Plant cells possess some special organelles called plastids, responsible for synthesis and storage of organic substances. Schimperused the term plastid in the year 1883 of these, the most important is the chloroplast.

The chloroplasts together with the mitochondria form the biochemical machines of energy transformations in living cells. In a chloroplast, the electromagnetic energy contained in the sun light is trapped and converted into the chemical energy by the process ofphotosynthesis.

A comparative account of chloroplasts and mitochondria is presented in the Structure:

The chloroplasts are characterised by the presence of pigments such as chlorophylls and carotenoids. Besides, coloured plastids may be seen in different parts of the plants. For example, the colour of petals is due to chromoplasts. In the embryonic cells, the colourless plastids are called leucoplasts.


The shape and size of chloroplasts may vary in different cells within a species, but number is relatively constant in the cells of the same tissue. In leaves of the higher plants, each: contains a large number of special oval or discoid chloroplasts. Frequently, they are vesic with colourless centres.

The average diameter of the chloroplasts is 4 to 6 pm. However, changes in the vole and shape of chloroplasts occur in the presence or absence of light. This organelle is limited smooth outer membrane, which regulates the transport of materials between the cytoplasm its interior.

The inner membrane is provided by extensive foldings. The inner membrane give to a series of internal parallel membrane sheets called lamellae. Lamellae are suspended fluid matrix called stroma. Stroma contains about 50% of soluble proteins, ribosomes,” and enzymes for protein synthesis.

Most of the lamellae in the chloroplast are organised to form sac like structures c, thylakoids. These flattened vesicles are arranged as a membranous network. The outer us; of the thylakoids is in contact with the stroma and its inner surface encloses intrathylakoid s Thylakoids may stack like a pile of coins called grana. They may be unstacked forming a sy of tubules that are joined to the grana thylakoids.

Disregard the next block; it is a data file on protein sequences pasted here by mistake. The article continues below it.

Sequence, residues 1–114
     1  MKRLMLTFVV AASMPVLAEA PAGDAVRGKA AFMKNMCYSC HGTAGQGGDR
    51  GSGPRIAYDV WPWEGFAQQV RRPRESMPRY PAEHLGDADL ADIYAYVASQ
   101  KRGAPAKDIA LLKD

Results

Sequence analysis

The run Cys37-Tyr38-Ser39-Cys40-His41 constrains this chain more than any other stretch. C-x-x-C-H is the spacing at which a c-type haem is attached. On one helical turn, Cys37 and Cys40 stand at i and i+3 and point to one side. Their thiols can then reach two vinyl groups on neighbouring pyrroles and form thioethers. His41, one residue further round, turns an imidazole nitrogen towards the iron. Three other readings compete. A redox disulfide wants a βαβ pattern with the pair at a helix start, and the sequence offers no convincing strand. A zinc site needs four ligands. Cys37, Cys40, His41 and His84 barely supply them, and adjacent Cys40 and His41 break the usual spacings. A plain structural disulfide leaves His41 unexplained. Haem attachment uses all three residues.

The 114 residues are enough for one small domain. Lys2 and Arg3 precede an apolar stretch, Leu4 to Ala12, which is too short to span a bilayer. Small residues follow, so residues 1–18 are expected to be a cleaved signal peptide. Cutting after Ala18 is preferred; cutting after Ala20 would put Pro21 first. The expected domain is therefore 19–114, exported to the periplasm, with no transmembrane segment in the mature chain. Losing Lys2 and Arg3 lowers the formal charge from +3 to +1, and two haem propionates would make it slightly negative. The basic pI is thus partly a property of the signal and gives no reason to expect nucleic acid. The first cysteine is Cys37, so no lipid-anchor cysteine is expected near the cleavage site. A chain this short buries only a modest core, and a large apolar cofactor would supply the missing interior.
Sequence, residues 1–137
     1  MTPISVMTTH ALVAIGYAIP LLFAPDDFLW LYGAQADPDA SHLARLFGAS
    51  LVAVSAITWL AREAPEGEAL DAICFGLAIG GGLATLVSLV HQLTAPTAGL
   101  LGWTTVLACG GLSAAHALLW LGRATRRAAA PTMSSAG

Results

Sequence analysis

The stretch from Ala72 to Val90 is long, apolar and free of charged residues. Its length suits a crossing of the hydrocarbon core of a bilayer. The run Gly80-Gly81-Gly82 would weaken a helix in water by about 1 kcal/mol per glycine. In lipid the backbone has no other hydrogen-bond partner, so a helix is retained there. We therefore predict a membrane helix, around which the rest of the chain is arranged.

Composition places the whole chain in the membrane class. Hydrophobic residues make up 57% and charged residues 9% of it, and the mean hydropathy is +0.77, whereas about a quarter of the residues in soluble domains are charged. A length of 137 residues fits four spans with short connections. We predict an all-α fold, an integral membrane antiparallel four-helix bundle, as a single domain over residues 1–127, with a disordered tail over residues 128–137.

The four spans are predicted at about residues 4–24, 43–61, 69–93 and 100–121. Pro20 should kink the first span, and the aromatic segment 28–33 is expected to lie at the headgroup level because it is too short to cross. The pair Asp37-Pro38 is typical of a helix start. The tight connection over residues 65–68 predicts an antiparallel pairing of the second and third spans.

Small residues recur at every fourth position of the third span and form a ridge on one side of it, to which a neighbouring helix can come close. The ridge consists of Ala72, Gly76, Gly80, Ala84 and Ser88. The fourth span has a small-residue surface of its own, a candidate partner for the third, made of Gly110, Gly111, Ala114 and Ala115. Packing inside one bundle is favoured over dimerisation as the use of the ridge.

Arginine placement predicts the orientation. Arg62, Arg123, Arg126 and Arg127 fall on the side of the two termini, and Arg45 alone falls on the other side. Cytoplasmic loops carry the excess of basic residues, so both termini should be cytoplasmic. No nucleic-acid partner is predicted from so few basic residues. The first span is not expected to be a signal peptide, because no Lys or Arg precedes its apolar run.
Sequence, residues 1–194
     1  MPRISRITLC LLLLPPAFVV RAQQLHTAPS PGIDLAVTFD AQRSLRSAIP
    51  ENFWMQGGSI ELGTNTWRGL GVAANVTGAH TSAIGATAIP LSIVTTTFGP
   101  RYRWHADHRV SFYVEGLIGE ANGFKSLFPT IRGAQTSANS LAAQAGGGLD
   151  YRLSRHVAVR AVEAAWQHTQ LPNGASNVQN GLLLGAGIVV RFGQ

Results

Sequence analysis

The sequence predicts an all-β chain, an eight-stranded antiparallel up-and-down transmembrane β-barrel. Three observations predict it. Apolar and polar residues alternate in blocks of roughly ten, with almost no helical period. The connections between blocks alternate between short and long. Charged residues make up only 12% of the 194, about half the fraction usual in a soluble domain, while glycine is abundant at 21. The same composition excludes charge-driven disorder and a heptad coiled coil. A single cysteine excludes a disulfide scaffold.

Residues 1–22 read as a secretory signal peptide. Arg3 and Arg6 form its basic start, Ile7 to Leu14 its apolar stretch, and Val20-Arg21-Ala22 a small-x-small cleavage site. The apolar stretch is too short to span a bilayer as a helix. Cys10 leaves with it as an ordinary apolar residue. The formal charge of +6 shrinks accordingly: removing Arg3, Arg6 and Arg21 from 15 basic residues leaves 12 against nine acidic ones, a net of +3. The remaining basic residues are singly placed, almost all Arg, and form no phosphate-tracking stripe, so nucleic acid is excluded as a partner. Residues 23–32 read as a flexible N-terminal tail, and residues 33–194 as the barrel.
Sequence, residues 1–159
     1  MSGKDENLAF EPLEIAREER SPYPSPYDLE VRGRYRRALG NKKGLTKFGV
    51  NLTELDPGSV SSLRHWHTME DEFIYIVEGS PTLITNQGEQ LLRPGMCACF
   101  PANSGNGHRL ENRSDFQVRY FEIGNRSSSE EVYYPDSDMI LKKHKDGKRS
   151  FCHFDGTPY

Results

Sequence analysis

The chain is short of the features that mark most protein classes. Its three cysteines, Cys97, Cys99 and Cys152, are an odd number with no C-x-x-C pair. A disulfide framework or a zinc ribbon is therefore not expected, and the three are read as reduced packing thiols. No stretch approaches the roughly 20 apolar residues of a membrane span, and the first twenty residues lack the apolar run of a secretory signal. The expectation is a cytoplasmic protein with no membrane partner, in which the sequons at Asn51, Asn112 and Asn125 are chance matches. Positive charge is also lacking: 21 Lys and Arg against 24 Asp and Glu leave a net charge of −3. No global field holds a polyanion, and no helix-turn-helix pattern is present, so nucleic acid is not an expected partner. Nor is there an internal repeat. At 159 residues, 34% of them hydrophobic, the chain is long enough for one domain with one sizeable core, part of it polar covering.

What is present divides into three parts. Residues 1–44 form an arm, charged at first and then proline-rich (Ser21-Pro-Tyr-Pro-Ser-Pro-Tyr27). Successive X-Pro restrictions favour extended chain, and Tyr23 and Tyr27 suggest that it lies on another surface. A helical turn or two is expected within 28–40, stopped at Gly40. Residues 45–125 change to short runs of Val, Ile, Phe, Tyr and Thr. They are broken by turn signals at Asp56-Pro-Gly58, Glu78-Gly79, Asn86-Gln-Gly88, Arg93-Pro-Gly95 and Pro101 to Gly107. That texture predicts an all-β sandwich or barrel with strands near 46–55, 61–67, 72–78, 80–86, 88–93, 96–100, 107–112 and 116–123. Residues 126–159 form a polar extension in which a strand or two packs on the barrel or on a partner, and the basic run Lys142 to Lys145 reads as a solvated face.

A typical chloroplast has between 40-60 grana and each granum has 2-10 flatt thylakoids. The thylakoids contain 50 per cent protein and all components of photosynthe

Chemical Composition:

The molecular organization of thylakoids is largely based on the fluid lipid-protein of biological membranes. The main components are chlorophylls, carotenoids, plastoqui and lipids. Chlorophyll is an asymmtrical molecule having a hydrophilic head made up of pyrrole rings bound to each other.

It is otherwise called the porphyrin head. Magnesium forms a complex with four rings. It has a long hydrophobic chain called photo tail attached! Of the rings. In higher plants, there are two types of chlorophylls: chlorophyll a and b. In chloro b, an aldehyde (CHO) group occurs in the second pyrrole ring of the porphyrin head, which chlorophyll a the aldehyde group is replaced by a methyl (CH,) group.


In lower plants like chlorophyll c, d and e and in bacteria, bacteriochlorophyll and bacterioviridin are thei harvesting pigments, besides chlorophyll a and b.


The main function of the chlorophyll is to trap light energy, required for the formation of two important products, ATP and NADPH. This is essential for there assimilation of CO, Chloroplasts, by the process of photosynthesis liberate oxygen and synthesize most of the chemical energy as food, which in turn is used by all living organisms.